Mr Fred Davies, born in Rhyl in 1925, has been in touch with us to share his memories of Rhyl
My Rhyl History.
During the last eighty years the world has changed dramatically – and Rhyl is no exception.
I can go back almost ninety years, yet although I have not been personally attached to it during the past fifty years, I am well aware of many of Rhyl’s changes.
When I was born at Tynewydd Farm in 1925, which is now not there, it was then in Rhuddlan. I believe the Rhyl boundary was then set at Pendyffryn Road. For several years Rhyl had been part of Rhuddlan Parish and did not become a separate Parish until 1844. However, when on my grandfather’s death in 1929 we moved from the farm to a house in Dyserth Road, some quarter of a mile from the farm, both were then in Rhyl. Unfortunately I contacted diphtheria and spent six weeks in what was then an isolation hospital in Towyn. That too is no longer there for that purpose. Fortunately youngsters don’t seem to suffer that disease these days. We had to move because my father was a grocer and had no knowledge of, or interest in farming.
I very well remember my grandmother informing me that when she was younger they would often stand on the promenade watching well to do families who would come and stay in the town for several weeks. She also stated that there were notices to be seen in various parts of the town offering the sale of hot water for a halfpenny a jug. Day trippers would bring their own snacks and loose tea but would need boiling water which local residents offered to sell them to make a brew.
In those days there were numerous grocery shops in Rhyl. My father was manager of E. B. Jones which had no fewer than four shops in the town. They were in High Street: a double one in Water Street: one in Abbey Street and one in Wellington Road. That firm had an string of such shops throughout North Wales. My father managed the one in High Street. Eventually that firm was taken over by a group. There were also many other such branch shops among which were Maypole, Melias and Irwin’s. Additionally there were also many privately owned grocers such as Turners, Breretons, Parry’s Esmore, and Harry Evans.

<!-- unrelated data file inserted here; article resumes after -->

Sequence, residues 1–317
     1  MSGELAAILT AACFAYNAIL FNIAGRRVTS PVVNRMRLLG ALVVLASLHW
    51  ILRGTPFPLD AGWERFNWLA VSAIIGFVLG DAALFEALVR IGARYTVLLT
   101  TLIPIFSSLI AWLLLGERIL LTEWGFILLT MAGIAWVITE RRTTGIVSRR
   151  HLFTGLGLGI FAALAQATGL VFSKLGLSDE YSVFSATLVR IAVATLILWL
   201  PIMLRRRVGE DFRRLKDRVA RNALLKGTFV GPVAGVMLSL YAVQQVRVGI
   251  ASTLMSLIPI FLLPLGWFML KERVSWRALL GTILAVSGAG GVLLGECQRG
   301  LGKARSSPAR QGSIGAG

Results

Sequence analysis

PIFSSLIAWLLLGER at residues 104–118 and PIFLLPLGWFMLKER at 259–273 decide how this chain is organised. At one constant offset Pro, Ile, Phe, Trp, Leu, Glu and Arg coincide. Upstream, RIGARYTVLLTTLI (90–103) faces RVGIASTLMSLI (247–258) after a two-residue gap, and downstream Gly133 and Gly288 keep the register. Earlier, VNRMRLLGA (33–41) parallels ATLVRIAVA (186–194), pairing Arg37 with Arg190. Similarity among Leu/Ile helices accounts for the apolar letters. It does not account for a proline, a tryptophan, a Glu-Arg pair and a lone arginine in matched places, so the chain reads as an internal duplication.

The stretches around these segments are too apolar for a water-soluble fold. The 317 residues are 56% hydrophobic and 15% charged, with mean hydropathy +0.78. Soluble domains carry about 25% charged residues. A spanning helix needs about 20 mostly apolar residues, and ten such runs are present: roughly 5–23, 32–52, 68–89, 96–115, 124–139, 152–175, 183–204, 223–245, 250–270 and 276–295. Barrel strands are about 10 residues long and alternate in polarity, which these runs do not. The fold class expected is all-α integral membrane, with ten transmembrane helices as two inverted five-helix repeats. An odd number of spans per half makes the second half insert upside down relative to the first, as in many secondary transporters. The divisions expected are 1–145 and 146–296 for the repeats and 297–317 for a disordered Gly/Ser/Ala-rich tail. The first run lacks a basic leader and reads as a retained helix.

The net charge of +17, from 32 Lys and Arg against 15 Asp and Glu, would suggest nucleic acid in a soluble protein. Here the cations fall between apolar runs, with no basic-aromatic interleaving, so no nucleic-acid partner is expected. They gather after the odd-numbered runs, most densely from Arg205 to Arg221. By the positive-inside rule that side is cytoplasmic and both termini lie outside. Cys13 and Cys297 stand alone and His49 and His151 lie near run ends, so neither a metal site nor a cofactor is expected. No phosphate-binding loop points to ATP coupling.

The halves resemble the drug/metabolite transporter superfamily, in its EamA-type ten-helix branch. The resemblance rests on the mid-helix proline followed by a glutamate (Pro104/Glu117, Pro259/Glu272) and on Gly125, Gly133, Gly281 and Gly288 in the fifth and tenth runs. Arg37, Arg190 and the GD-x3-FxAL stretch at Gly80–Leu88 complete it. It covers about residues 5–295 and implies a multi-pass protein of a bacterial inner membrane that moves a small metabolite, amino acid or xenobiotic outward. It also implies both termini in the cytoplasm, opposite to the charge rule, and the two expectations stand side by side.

My education commenced in Clwyd Street Primary School. It was followed by Rhyl County School as it was called in those days, having since been renamed a couple of times, firstly as Rhyl Grammar School and then Rhyl High School.
Things have certainly changed. In those days I was a choirboy in St. Anne’s Church. St. Anne’s Church was built through the generosity of Mrs Ann Nicholson. She had originally considered providing a lifeboat until she had been persuaded that the south side of the town was in need of a church to serve the people there. It was consecrated in 1896 – some what before my time – but I well remember the extension in 1931. It added almost a third to its size. Mrs. Nicholson’s generosity was continued by her niece, Miss Henrietta Roberts who lived at ‘Nithsdale’, St. Asaph Street and willed a sizeable sum to the church on her death. I knew Miss Roberts very well, as her housekeeper Mrs Kate Ball, was my Godmother. It is not surprising that the church was referred to as the ‘Railwayman’s Church’ for there were at least six railwaymen in the choir at the time that I was a choirboy. Often when in the choir during the summer at Evensong several of us would eagerly await our Recessional Hymn in order to get out.
There was that superb Rhyl Pavilion in those days which unfortunately was deliberately destroyed. The present day Pavilion is nowhere as near attractive. Some of us choirboys when proceeding up the aisle singing the Recessional Hymn would be unbuttoning our cassocks ready to quickly take them off and shoot off to the Pavilion where each Sunday night in the summer there would be a renowned dance band such as Geraldo, Henry Hall, Ambrose, Joe Loss and many others and we’d hope to be let in without paying which sometimes happened – otherwise we’d miss the band’s performance. The Pavilion also housed numerous first class shows during the summer months which attracted so many people.